From the very beginning, the fierce national debate over immigration has been shamefully dishonest.
During countless hours of heated discussion broadcast on television and radio, our journalists, elected officials and political pundits have repeatedly failed to tell us an essential, but difficult truth about immigration: The growing Latino presence in the U.S. is the unintended consequence of our own country’s long history of intervention in Latin America.
In fact, every major wave of Latino migration has been directly connected to aggressive U.S. actions taken to favor our corporate or military interests in the hemisphere. From the wars for territorial expansion that gave the U.S. total control of Puerto Rico, pre-Castro Cuba and half of Mexico, to the covert operations that imposed oppressive military regimes throughout the Caribbean and Central America, the complex and heartbreaking story of Latino migration has been largely hidden from the great majority of citizens in the United States.
In the absence of truth, misinformation has become reality, and our overall ignorance about the true origins of migration has allowed the voices of intolerance to dominate the national stage. Conservatives have demonized the nation’s hard-working Latino immigrants with the incessant use of such offensive terms as “illegals” and “anchor babies,” but how many of us know even the most basic facts about the brutal dictatorships our government imposed on Latin America?
Take the example of my country of origin: El Salvador. In 1980 there were fewer than 100,000 Salvadorans in the United States. Today, just a little over three decades later, there are nearly two million Salvadorans throughout the country. According to the Census, Salvadorans have already surpassed the number of Cuban Americans and become the third-largest Latino nationality in the U.S. How could such a massive population shift happen so quickly and so dramatically?
El Salvador is the smallest country in all of the Americas, with a long history of poverty and governmental corruption. If the conservative argument was correct and immigration was driven mainly by people who wanted to come and take advantage of our social services, then the U.S. would have always experienced migration from El Salvador. But this is not what happened. The historic exodus from this tiny nation did not start until 1980, as a direct result of a savage civil war largely funded by billions of dollars in U.S. military aid.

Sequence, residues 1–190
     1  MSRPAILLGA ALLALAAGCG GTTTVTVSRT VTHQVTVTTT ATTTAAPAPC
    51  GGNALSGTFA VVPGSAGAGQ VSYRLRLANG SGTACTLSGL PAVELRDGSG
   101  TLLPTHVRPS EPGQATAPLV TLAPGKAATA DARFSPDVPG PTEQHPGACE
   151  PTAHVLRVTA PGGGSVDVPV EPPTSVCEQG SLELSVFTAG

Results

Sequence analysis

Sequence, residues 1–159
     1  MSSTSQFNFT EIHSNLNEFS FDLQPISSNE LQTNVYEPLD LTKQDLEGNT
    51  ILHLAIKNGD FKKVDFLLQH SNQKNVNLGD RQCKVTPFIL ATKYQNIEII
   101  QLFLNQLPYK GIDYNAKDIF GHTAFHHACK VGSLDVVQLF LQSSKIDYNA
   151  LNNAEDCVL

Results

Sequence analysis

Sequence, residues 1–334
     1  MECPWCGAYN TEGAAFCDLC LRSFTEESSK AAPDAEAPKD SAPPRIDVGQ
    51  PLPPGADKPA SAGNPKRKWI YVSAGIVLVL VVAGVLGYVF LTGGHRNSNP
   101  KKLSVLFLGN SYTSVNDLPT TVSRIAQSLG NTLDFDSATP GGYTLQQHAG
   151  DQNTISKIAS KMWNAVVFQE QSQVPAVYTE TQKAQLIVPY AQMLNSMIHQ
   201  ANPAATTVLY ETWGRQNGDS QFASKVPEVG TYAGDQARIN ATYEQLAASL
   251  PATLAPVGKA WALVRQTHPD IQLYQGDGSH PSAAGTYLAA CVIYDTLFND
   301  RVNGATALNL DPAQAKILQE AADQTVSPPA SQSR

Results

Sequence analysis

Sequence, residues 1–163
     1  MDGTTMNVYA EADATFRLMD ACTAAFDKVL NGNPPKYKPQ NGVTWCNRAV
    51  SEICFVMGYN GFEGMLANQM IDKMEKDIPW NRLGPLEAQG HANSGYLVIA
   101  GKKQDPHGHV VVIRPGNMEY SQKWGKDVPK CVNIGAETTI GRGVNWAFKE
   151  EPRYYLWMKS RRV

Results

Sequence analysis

In 1994, the North American Free Trade Agreement (NAFTA) allowed our multinational agribusiness to flood the Mexican market with corn, rice and other products that receive heavy subsidies from the U.S. government.
The accord proved to be highly profitable for our companies, but devastated the lives of millions of small-plot farmers in Mexico whose produce was left unprotected by NAFTA. Predictably, the U.S. experienced one of the largest migratory spikes in history. According to the Pew Hispanic Center, the number of undocumented persons in the U.S. quickly doubled after NAFTA, from 5,700,000 in 1995 to 11,100,000 just ten years later.
These are just two examples of how U.S. foreign policy is directly connected to the growing Latino presence in the U.S. As immigrants, many of us are acutely aware of this truth, but how much do our fellow citizens know about the real causes for Latino migration? How much do our members of Congress know, even as they play politics with the future of millions of Latino families?
As journalist Juan González says in Harvest of Empire, his seminal book about the history of Latino migration: “We are all Americans of the New World, and our most dangerous enemies are not each other, but the great wall of ignorance between us.”
Eduardo López is the Co-Director and Co-Producer of Harvest of Empire, an award-winning documentary that examines the history of Latino migration to the U.S. The film is based on the book of the same name by Juan González. For more information on Harvest of Empire, please visit, www.harvestofempiremovie.com.